Anecdotal data raise questions about whether there are seasonal patterns in cigar use and, in particular, premium cigar use. This is plausible and is certainly the case for cigarette smoking in the United States; it declines in the winter and increases in the summer (Chandra and Chaloupka, 2003). However, no research literature is specific to cigars.
Secondhand Smoke Exposure
While some anecdotal data suggest that premium cigars may be used primarily outdoors (e.g., while golfing), premium cigars are also smoked indoors at cigar lounges. No data are published on secondhand smoke exposure to cigars overall or premium cigars in particular. An important data gap exists regarding secondhand exposure of nonusers, including children in the home and occupational risk for those who work in cigar lounges that are typically exempted from smoke-free air policies (see Chapter 5 for a discussion on health effects of secondhand cigar smoke).
Co-Use with Other Cigar Types
No previous study examined prevalence of co-use of premium cigars with other cigar types. The commissioned analysis of the PATH study of adults addressed poly- or co-use of four cigar product types among current established cigar users (see Table 3-3). Premium cigar users across all survey waves were least likely to report co-use with another type of
16 Current users were defined as persons who reported ever use and used cigars “every day” or “some days” at the time of survey.
TABLE 3-3 Co-Use of 2+ Types of Cigars Among Current Established Users of Four Cigar Types in U.S. PATH Adults, % (95% CI)
|Premium Cigars||Nonpremium Cigars||Cigarillos||Filtered Cigars|
|Wave 1||16.5 (11.8–22.5)||61.4 (55.5–67.0)||37.7 (33.9–41.6)||41.6 (38.0–45.3)|
|Wave 2||19.3 (14.5–25.2)||50.0 (42.8–57.2)||34.9 (32.1–37.8)||37.2 (32.8–41.9)|
|Wave 3||16.8 (11.9–23.3)||49.0 (40.7–57.4)||38.7 (34.0–43.7)||39.3 (33.9–45.0)|
|Wave 4||16.4 (11.2–23.3)||52.8 (44.5–60.8)||32.8 (29.1–36.7)||42.2 (36.8–47.9)|
|Wave 5||18.4 (13.7–24.3)||53.9 (47.3–60.5)||36.7 (32.3–41.4)||38.6 (31.7–46.0)|
NOTES: Wave 1 = 2013–2014; Wave 2 = 2014–2015; Wave 3 = 2015–2016; Wave 4 = 2016–2017; Wave 5 = 2018–2019. CI = confidence interval; PATH = Population Assessment of Tobacco and Health.
SOURCE: Jeon and Mok, 2022.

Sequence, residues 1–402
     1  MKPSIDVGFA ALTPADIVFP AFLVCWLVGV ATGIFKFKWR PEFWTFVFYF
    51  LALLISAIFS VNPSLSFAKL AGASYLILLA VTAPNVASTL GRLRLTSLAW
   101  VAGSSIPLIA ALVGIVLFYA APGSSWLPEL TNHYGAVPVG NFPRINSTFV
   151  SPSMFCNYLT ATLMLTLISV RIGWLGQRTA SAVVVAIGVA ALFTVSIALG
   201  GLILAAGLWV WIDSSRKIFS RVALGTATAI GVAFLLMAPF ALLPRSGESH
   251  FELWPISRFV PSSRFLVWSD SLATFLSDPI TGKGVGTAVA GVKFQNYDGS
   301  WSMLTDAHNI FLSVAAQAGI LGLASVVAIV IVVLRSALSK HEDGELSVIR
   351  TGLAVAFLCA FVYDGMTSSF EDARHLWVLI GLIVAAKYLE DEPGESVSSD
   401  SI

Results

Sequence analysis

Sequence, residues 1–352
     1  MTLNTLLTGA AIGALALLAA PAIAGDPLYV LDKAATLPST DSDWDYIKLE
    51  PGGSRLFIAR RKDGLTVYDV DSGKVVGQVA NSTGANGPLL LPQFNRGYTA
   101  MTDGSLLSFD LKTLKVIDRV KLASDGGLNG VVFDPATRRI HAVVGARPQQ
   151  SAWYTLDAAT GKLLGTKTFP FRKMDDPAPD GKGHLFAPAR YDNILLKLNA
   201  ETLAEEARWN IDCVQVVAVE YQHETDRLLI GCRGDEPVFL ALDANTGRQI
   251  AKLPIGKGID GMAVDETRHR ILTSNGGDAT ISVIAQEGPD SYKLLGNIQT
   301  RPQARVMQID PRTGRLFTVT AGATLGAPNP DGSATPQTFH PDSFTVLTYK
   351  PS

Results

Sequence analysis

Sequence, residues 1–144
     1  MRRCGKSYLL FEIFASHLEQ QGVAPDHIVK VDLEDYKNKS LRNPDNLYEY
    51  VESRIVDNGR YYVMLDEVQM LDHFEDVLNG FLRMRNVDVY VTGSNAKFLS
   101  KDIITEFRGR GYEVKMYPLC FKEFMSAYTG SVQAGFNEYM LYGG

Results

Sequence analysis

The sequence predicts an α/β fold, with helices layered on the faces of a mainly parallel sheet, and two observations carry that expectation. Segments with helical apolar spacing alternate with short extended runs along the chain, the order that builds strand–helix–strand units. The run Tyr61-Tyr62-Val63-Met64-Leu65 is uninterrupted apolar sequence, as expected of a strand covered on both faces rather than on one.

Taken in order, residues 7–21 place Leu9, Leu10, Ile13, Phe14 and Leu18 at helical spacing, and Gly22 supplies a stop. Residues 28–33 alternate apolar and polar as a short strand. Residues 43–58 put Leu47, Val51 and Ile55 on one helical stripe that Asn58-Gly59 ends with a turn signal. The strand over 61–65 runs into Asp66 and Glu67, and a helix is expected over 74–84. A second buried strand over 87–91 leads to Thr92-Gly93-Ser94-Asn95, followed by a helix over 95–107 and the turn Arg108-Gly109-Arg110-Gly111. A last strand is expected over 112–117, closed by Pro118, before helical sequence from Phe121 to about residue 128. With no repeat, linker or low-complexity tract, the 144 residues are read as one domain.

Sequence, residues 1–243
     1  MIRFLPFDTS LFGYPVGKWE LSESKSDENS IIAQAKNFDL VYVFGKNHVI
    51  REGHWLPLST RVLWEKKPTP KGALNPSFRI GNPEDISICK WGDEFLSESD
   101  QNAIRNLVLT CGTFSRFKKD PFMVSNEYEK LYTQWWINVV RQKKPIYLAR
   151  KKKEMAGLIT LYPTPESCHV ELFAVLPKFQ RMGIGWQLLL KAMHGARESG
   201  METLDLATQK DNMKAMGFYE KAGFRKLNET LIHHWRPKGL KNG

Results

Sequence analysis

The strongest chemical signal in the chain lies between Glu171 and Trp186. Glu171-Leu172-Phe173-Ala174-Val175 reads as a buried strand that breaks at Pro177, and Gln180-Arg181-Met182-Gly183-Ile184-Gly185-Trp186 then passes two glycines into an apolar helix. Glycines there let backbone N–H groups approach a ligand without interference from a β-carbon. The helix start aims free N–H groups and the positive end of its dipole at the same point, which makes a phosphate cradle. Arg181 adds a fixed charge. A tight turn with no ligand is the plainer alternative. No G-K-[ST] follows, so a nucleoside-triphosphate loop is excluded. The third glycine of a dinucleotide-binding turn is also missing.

cigar product, with less than one out of five reporting concurrent use with other cigar types. In contrast, users of nonpremium large cigars, cigarillos, and filtered cigars were significantly more likely to report using at least one additional cigar product compared to premium cigar users (Jeon and Mok, 2022). This is consistent with Kasza et al. (2017), who found that of adults who use more than one type of tobacco product, 12 percent used two or more cigar types.
Co-Use with Non-Cigar Tobacco Products
Co-use or poly-tobacco use is common (Baggett et al., 2016; Kasza et al., 2017; Spears et al., 2019), particularly among young people, and cigars are often one of the products that are co-used with other tobacco products (Frazier et al., 2000; Ishler et al., 2020; Pérez et al., 2020), most notably cigarettes. However, no research literature exists on co-use of premium cigars specifically with other tobacco products for youth.
Corey et al. (2014) analyzed data from the 2012–2013 NATS among U.S. adults who smoke cigars “every day,” “some days,” or “rarely.” Of the 7.3 percent who did so, more than half (52.5 percent) reported information that could be used to assign a usual cigar type. Premium cigar users were defined as those reporting that their usual cigar did not have a filter or tip and their usual brand was hand rolled or described by the manufacturer or merchant as containing high-grade tobaccos in the filler, binder, or wrapper. Current cigarette smoking among those who usually smoked premium cigars (35.1 percent) was lower than those who usually smoked cigarillos/mass-market cigars (58.3 percent) or little filtered